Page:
A multiple sclerosis drug made by industry giant Novartis is under investigation after at least 11 patients taking the medicine died.
The drug, Gilenya, was licensed last year in the European Union to treat patients with a severe type of multiple sclerosis.
The deaths raise concerns Gilenya could trigger heart problems after patients take their first dose, according to a statement issued Friday by the European Medicines Agency. The agency, which is now investigating the drug, said it isn't clear if it caused the deaths.
One of the deaths was in the U.S., where a patient died within 24 hours of taking the first dose.
The European agency said it didn't know where the other 10 deaths occurred, but that they were reported to its drug database, which monitors side effects from medicines in the European Union.
A spokeswoman at the U.S. Food and Drug Administration said it also is conducting a data analysis but has not made any definitive conclusions and does not know when its review will be complete.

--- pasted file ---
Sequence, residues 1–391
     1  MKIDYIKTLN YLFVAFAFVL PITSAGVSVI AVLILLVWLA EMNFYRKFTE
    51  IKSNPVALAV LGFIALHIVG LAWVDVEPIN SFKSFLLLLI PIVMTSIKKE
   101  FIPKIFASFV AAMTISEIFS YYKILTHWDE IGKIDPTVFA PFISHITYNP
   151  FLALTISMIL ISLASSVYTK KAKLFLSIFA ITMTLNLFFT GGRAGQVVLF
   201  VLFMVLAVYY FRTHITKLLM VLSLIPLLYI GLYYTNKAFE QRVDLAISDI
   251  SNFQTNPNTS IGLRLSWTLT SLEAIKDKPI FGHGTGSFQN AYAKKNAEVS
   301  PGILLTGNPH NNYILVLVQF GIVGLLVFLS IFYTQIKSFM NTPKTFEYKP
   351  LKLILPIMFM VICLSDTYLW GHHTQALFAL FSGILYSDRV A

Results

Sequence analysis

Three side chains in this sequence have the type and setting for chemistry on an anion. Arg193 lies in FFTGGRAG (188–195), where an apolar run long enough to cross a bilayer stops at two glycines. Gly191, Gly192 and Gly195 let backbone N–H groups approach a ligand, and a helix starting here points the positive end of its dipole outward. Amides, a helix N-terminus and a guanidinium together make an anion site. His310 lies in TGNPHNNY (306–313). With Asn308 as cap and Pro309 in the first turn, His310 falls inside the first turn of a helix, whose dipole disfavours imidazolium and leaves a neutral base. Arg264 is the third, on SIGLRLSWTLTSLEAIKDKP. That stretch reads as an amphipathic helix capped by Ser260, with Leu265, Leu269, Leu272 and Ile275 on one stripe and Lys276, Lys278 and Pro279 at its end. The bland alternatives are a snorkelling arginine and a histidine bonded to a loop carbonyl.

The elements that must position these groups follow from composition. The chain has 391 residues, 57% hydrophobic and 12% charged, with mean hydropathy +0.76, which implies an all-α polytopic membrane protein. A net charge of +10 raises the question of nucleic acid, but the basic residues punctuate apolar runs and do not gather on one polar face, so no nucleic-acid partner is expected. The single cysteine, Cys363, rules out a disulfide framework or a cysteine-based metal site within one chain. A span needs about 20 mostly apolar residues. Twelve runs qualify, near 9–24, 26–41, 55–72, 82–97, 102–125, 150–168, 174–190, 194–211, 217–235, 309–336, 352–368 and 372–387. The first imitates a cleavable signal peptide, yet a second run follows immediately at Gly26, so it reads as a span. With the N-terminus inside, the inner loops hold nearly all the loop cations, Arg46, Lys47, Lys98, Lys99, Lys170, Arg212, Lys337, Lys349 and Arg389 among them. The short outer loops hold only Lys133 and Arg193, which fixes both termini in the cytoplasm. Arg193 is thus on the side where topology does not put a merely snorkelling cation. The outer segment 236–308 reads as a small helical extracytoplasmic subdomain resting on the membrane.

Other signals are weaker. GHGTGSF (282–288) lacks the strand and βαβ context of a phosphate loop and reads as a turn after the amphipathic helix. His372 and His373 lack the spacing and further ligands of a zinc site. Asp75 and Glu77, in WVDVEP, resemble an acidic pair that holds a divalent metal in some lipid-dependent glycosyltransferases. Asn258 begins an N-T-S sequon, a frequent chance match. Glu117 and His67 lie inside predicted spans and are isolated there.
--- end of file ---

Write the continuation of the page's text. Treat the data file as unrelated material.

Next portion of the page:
More than 30,000 patients have taken Gilenya worldwide. The European Medicines Agency advised doctors to increase their monitoring of patients after the first dose of the medicine. The agency said the risk of a slow heart rate after the first dose of Gilenya was known when it was approved.
Novartis AG said it was advising doctors of new recommendations on using Gilenya. They had previously recommended all patients be monitored for six hours after their first dose, but are now tightening that to include continuous heart monitoring using electrocardiograms and measuring blood pressure and heart rate every hour. In certain patients, that monitoring should be extended, the drug maker said in a statement.
This new guidance applies only to patients taking their first dose, Novartis said in a statement.
The EU drug regulator hopes to finish its review of the drug by March.
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